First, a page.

Perkins v. LeGrand et al

Filing 40

ORDER Granting Respondents' 33 Motion to Dismiss. Ground two of the 14 First Amended Petition is Dismissed as procedurally defaulted. Respondents have 45 days from the date of entry of this Order to file and serve an Answer. Perkins will have 45 days from the date on which the answer is served to file a Reply. Signed by Judge Jennifer A. Dorsey on 9/28/2017. (Copies have been distributed pursuant to the NEF - SLD)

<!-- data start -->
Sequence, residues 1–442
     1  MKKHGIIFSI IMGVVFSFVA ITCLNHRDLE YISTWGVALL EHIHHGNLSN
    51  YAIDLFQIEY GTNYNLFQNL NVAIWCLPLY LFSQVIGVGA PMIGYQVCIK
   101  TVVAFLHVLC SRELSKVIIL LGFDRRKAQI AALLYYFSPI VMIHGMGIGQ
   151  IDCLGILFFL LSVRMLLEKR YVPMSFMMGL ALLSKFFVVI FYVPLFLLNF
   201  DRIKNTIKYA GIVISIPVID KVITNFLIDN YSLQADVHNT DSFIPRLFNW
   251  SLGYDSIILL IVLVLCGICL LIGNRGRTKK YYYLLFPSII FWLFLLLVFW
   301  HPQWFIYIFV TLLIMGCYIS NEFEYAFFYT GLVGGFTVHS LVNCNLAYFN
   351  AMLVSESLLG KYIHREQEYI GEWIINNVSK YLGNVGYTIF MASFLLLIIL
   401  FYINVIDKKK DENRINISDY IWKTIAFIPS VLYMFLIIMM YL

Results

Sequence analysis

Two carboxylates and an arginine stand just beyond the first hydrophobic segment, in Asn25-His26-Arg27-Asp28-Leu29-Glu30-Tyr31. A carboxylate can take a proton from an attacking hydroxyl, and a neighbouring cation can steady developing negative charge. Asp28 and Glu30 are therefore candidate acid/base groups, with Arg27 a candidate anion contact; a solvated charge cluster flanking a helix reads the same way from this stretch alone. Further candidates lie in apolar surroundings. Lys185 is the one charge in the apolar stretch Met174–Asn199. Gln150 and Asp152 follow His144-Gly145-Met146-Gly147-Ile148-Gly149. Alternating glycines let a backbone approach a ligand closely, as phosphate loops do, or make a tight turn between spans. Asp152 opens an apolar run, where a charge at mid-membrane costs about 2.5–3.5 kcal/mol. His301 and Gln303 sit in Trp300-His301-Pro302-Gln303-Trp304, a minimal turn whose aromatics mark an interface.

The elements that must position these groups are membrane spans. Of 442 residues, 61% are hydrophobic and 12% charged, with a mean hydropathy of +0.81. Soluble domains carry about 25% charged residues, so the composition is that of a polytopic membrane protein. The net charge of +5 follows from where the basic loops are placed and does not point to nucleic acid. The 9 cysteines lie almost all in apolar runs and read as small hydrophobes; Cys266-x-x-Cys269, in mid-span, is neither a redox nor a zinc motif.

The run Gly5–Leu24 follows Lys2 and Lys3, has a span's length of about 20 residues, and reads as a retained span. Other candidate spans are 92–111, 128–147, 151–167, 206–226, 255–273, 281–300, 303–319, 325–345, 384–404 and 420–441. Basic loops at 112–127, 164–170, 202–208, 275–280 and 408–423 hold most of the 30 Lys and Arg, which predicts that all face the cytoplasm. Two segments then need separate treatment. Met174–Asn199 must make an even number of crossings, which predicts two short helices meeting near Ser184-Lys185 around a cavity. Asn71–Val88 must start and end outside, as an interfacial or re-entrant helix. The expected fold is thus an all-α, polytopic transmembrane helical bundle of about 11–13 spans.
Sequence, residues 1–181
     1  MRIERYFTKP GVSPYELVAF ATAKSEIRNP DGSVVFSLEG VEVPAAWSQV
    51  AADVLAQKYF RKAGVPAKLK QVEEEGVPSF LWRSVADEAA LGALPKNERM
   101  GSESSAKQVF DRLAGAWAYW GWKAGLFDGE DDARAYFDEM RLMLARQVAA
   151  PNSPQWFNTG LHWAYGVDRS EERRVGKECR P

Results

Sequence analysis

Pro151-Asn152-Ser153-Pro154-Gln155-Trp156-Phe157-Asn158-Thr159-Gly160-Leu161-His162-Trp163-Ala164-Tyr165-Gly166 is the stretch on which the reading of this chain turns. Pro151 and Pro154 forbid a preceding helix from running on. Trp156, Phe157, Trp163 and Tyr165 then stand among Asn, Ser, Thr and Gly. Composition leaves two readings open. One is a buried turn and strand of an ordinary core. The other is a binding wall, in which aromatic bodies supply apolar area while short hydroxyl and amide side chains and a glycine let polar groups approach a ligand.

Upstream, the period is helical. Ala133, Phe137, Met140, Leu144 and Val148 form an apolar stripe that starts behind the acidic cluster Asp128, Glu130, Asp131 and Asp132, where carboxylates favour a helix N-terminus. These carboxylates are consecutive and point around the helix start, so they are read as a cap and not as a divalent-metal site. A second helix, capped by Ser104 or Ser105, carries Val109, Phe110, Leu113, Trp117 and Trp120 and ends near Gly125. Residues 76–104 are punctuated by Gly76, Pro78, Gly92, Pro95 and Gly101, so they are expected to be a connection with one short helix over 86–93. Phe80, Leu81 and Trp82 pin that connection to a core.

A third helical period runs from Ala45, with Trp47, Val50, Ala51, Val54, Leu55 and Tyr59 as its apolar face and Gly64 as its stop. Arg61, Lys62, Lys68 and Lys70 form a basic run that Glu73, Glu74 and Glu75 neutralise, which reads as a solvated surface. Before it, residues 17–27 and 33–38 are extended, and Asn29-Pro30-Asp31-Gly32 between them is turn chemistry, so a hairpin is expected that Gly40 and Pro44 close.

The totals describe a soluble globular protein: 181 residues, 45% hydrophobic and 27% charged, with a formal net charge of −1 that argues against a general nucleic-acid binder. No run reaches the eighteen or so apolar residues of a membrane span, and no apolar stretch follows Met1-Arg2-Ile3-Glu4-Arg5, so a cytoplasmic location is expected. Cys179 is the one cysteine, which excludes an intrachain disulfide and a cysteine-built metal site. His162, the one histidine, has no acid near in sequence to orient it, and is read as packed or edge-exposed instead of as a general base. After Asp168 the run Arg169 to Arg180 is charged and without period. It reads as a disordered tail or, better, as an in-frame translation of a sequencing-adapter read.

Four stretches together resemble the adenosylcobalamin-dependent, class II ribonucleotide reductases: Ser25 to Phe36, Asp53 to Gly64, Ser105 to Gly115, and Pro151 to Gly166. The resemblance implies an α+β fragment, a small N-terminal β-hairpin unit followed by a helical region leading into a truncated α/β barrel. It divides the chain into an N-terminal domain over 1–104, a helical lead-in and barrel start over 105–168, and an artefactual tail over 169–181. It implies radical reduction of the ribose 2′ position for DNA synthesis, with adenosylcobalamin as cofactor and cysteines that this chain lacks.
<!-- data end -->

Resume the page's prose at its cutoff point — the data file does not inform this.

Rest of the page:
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1 UNITED STATES DISTRICT COURT 2 DISTRICT OF NEVADA 3 4 Billy Wayne Perkins, 5 Petitioner 6 Order Granting Motion to Dismiss Ground Two of First Amended Petition v. 7 2:14-cv-00434-JAD-PAL Robert LeGrand, et al., [ECF No. 33] 8 Respondents. 9 10 Respondents Robert LeGrand and the Attorney General of the State of Nevada move to 11 dismiss ground two of petitioner Billy Wayne Perkins’s first amended petition for writ of habeas 12 corpus,1 arguing that it is procedurally defaulted.2 The motion is fully briefed.3 I find that 13 ground two is procedurally defaulted, so I grant the motion to dismiss. 14 Background 15 After a jury trial in state district court, Perkins was convicted of three counts of sexual 16 assault with a minor under 14 years of age and four counts of lewdness with a child under the age 17 of 14.4 Perkins appealed, and the Nevada Supreme Court affirmed.5 Perkins then filed his first 18 post-conviction habeas corpus petition in the state district court.6 The state district court denied 19 the proper-person petition.7 The Nevada Supreme Court reversed and remanded for appointment 20 21 1 ECF No. 14. 22 2 ECF No. 33. 23 3 ECF Nos. 36 (response), 39 (reply). 4 ECF No. 18-2 (Ex. 17). 5 ECF No. 18-7 (Ex. 22). 6 ECF No. 18-11 (Ex. 26). 7 ECF No. 18-21 (Ex. 36). 24 25 26 27 28 1 of counsel to develop Perkins’s claims.8 Counsel filed a supplement.9 The state district court 2 denied the petition after a hearing.10 The Nevada Supreme Court affirmed the denial.11 3 Perkins commenced this action. The court appointed counsel, who filed the first 4 amended petition. Perkins acknowledged that he had not exhausted his state-court remedies for 5 ground two.12 Before respondents answered the first amended petition in this court, Perkins filed 6 in state district court his second post-conviction habeas corpus petition, raising the same claim as 7 ground two of the first amended petition.13 Respondents filed their first motion to dismiss,14 8 arguing that ground two was either procedurally defaulted or unexhausted. The court denied the 9 motion without prejudice and stayed the action because the parallel proceedings in the state 10 courts were close to a conclusion.15 The state district court denied the petition, and the Nevada 11 Supreme Court affirmed because it was untimely, successive, and abusive of the writ.16 12 The court then reopened this action, and respondents’ second motion to dismiss 13 followed.17 Respondents argue that ground two is procedurally defaulted.18 Perkins claims in 14 15 8 ECF No. 18-23 (Ex. 38). 16 9 ECF No. 19-1 (Ex. 42). 17 10 ECF No. 19-10 (Ex. 51). 11 ECF No. 20-4 (Ex. 62). 12 ECF No. 14 at 12. 21 13 ECF No. 30-1 (Ex. 64). 22 14 ECF No. 22. 23 15 ECF No. 28. 16 ECF No. 30-13 (Ex. 76) (citing Nev. Rev. Stat. §§ 34.726(1); 34.810(1)(b)(2); 34.810(2)). 17 ECF No. 33. 18 19 20 24 25 26 27 28 18 Ground one, which is the only other ground in the first amended petition, is a claim that Perkins received ineffective assistance of counsel because counsel labored under a conflict of interest. Respondents do not argue for the dismissal of ground one. 2 1 ground two that the trial court erred when it denied his request to substitute counsel due to a 2 conflict of interest. 3 Discussion 4 Ground two’s procedural history is unusual. Perkins raised the same claim in ground two 5 of his first state post-conviction habeas corpus petition.19 In the initial denial of the petition, the 6 state district court held that counsel was not operating under a conflict of interest.20 When 7 denying that petition after remand from the Nevada Supreme Court, the state district court held: 8 “Inasmuch as Defendant argued that the district court abused its discretion in denying 9 Defendant's Motion to Dismiss and Appoint New Counsel, this claim has been waived since it 10 was not raised on direct appeal.” 21 The state district court later cited Franklin v. State22 and NRS 11 34.810(1)(b)(2) in support of that holding.23 The state district court also held that, for any issues 12 in the original, proper-person post-conviction petition that were not re-addressed in the 13 supplemental petition or argued in the hearing, the initial denials of those issues still stand.24 14 On appeal from the denial of the state petition, Perkins argued that the district court erred 15 in finding that trial counsel had no conflict of interest.25 This argument refers to the ruling in the 16 initial denial of the state post-conviction habeas corpus petition that counsel was not operating 17 under a conflict of interest.26 Perkins did not argue on appeal from denial of the state 18 19 ECF No. 18-11 at 14–17 (Ex. 26). 20 ECF No. 18-21 at 5 (Ex. 36). 21 20 19 ECF No. 19-10 at 5 (Ex. 51). 21 22 23 22 Franklin v. State, 877 P.2d 1058, 1059 (Nev. 1994), disapproved on other grounds by Thomas v. State, 979 P.2d 222 (Nev. 1999). 24 23 ECF No. 19-10 at 10 (Ex. 51). 24 Id. at 6 (Ex. 51). 27 25 ECF No. 20-1 at 4–5 (Ex. 59). 28 26 See ECF No. 18-21 at 5 (Ex. 36). 25 26 3 1 post-conviction habeas corpus petition that the trial court erred in denying the motion to 2 substitute counsel. The Nevada Supreme Court treated the issue solely as a claim of ineffective 3 assistance of counsel because of a conflict of interest, and the Nevada Supreme Court affirmed 4 the denial of that claim on its merits.27 5 To summarize, in the first state post-conviction habeas corpus proceedings, the state 6 district court ruled that the issue now in ground two was procedurally barred because Perkins 7 could have raised that issue on direct appeal. Perkins did not appeal that ruling of the state 8 district court. Consequently, the first-state post-conviction habeas corpus proceedings did not 9 exhaust the issue in ground two. In the second state post-conviction habeas corpus petition, 10 Perkins raised as his only ground for relief the issue of ground two: that the trial court erred in 11 denying his motion to substitute counsel.28 The state district court ruled that the petition was 12 time-barred under NRS 34.726(1), and that the petition was barred as successive under NRS 13 34.810(2).29 The Nevada Court of Appeals affirmed for those reasons and also because the issue 14 could have been raised on direct appeal.30 15 A federal court will not review a claim for habeas corpus relief if the decision of the state 16 court regarding that claim rested on a state-law ground that is independent of the federal question 17 and adequate to support the judgment.31 When “a state prisoner has defaulted his federal claims 18 in state court pursuant to an independent and adequate state procedural rule, federal habeas 19 review of the claims is barred unless the prisoner can demonstrate[:]” (1) “cause for the default 20 and actual prejudice as a result of the alleged violation of federal law” or (2) “that failure to 21 22 27 ECF No. 20-4 at 4 (Ex. 62). 24 28 ECF No. 30-1 (Ex. 64). 25 29 ECF No. 30-6 (Ex. 69). 26 30 23 27 28 ECF No. 30-13 at 2–3 (Ex. 76) (citing Nev. Rev. Stat. §§ 34.726(1); 34.810(1)(b)(2); 34.810(2)). 31 Coleman v. Thompson, 501 U.S. 722, 730–31 (1991). 4 1 consider the claims will result in a fundamental miscarriage of justice.”32 The grounds for 2 dismissal upon which the Nevada Supreme Court relied in this case are adequate and 3 independent state rules.33 4 5 Perkins’s argument for cause and prejudice is not relevant to the claim that he presents in ground two. He relies on Martinez v. Ryan, in which the Supreme Court held: 6 13 [W]hen a State requires a prisoner to raise an ineffectiveassistance-of-trial-counsel claim in a collateral proceeding, a prisoner may establish cause for a default of an ineffectiveassistance claim in two circumstances. The first is where the state courts did not appoint counsel in the initial-review collateral proceeding for a claim of ineffective assistance at trial. The second is where appointed counsel in the initial-review collateral proceeding, where the claim should have been raised, was ineffective under the standards of Strickland v. Washington, 466 U.S. 668 (1984). To overcome the default, a prisoner must also demonstrate that the underlying ineffective-assistance-oftrial-counsel claim is a substantial one, which is to say that the prisoner must demonstrate that the claim has some merit. Cf. Miller–El v. Cockrell, 537 U.S. 322 (2003) (describing standards for certificates of appealability to issue).34 14 The Ninth Circuit extended Martinez to procedurally defaulted claims of ineffective assistance of 15 counsel on direct appeal in Ha Van Nguyen v. Curry.35 But the Supreme Court has since held 16 that Martinez does not apply to procedurally defaulted claims of ineffective assistance of counsel 17 on direct appeal, thus abrogating that part of Ha Van Nguyen.36 7 8 9 10 11 12 18 Martinez does not apply to the procedural default of ground two for multiple reasons. 19 First, ground two is not a claim of ineffective assistance of trial counsel. It is a claim of an error 20 by the trial court. Martinez does not extend past procedurally defaulted claims of ineffective 21 22 32 23 33 24 25 Id. at 750; see also Murray v. Carrier, 477 U.S. 478, 485 (1986). Vang v. Nevada, 329 F.3d 1069, 1074 (9th Cir. 2003) (Nev. Rev. Stat. § 34.810); Loveland v. Hatcher, 231 F.3d 640 (9th Cir. 2000) (Nev. Rev. Stat. § 34.726); Moran v. McDaniel, 80 F.3d 1261 (9th Cir. 1996) (same). 34 Martinez v. Ryan, 566 U.S. 1, 14 (2012). 27 35 Ha Van Nguyen v. Curry, 736 F.3d 1287, 1293–96 (9th Cir. 2013). 28 36 Davila v. Davis, 137 S. Ct. 2058 (2017). 26 5 1 assistance of trial counsel.37 Second, even if the extension of Martinez in Ha Van Nguyen was 2 still good law, it would be inapplicable here. Perkins is confused as to what Ha Van Nguyen 3 held. He writes: 4 9 For example, appellate counsel raised the issue that “[t]he District Court [e]rred in [f]inding that [t]rial [c]ounsel had [n]o [c]onflict of [i]nterest[.]” Ex. 59, at 21-22. In other words, while appellate counsel recognized and believed an actual conflict existed, he simply could not reasonably believe that what amounts to approximately two (2) transcript pages of Perkins’s recitation of the problems he was having with Attorney Roundtree, and what amounts to approximately two (2) transcript page of Attorney Roundtree’s response, without any inquiry or questioning from the trial court was enough.38 10 In this passage, “appellate counsel” was counsel on appeal from the denial of the post-conviction 11 habeas corpus petition; “appellate counsel” was not counsel on direct appeal. Perkins’s argument 12 based on Ha Van Nguyen seems to be that ineffective assistance of post-conviction appellate 13 counsel can excuse the procedural default of a claim of trial-court error. But Ha Van Nguyen 14 was not that expansive. In it, the Ninth Circuit held that a procedurally defaulted claim of 15 ineffective assistance of direct-appeal counsel may be excused if counsel in the initial 16 post-conviction proceedings was ineffective in failing to raise the claim. Again, ground two is 17 not a claim of ineffective assistance of counsel; it is a claim of trial-court error. Ha Van Nguyen 18 would thus provide Perkins no relief. But now the matter is moot because that part of Ha Van 19 Nguyen has been abrogated. 5 6 7 8 20 Third, even if the claim of trial-court error in ground two could have fallen within the rule 21 of Martinez, the procedural default based upon the time bar and the successive-petition bar 22 occurred when post-conviction appellate counsel did not appeal from the state district court’s 23 ruling on that issue when it denied the first post-conviction habeas corpus petition. Martinez 24 25 26 27 28 37 Pizzuto v. Ramirez, 783 F.3d 1171, 1177 (9th Cir. 2015); Hunton v. Sinclair, 732 F.3d 1124, 1126–27 (9th Cir. 2013). 38 ECF No. 36 at 10 (emphasis added). 6 1 does not apply to “attorney errors in other kinds of proceedings, including appeals from 2 initial-review collateral proceedings . . . .”39 3 Finally, the Nevada Court of Appeals also held that the claim in ground two was 4 procedurally barred because Perkins could have raised that claim on direct appeal.40 This 5 procedural default occurred before Perkins filed his first state post-conviction habeas corpus 6 petition. The failure to raise ground two on direct appeal had nothing to do with post-conviction 7 counsel. Martinez does not apply to situations like this. 8 Conclusion 9 Accordingly, IT IS HEREBY ORDERED that respondents’ motion to dismiss [ECF No. 10 33] is GRANTED: ground two of the first amended petition [ECF No. 14] is DISMISSED as 11 procedurally defaulted. 12 IT IS FURTHER ORDERED that respondents have 45 days from the date of entry of this 13 order to file and serve an answer, which must comply with Rule 5 of the Rules Governing 14 Section 2254 Cases in the United States District Courts. Perkins will have 45 days from the date 15 on which the answer is served to file a reply. 16 DATED: September 28, 2017. 17 18 _______________________________ ________________ _ _ __ _ _ U.S. District Judge Jennife A. Dorsey strict Judge Jennifer ic ic e n 19 20 21 22 23 24 25 26 27 39 Martinez, 566 U.S. at 16. 28 40 ECF No. 30-13 at 2–3 (Ex. 76). 7